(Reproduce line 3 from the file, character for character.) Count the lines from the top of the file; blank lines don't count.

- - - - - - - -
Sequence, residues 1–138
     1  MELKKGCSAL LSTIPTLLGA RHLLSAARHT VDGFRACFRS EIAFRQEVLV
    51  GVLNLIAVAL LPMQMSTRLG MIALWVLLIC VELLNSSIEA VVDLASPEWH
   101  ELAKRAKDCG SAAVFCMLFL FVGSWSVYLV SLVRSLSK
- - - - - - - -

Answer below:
    51  GVLNLIAVAL LPMQMSTRLG MIALWVLLIC VELLNSSIEA VVDLASPEWH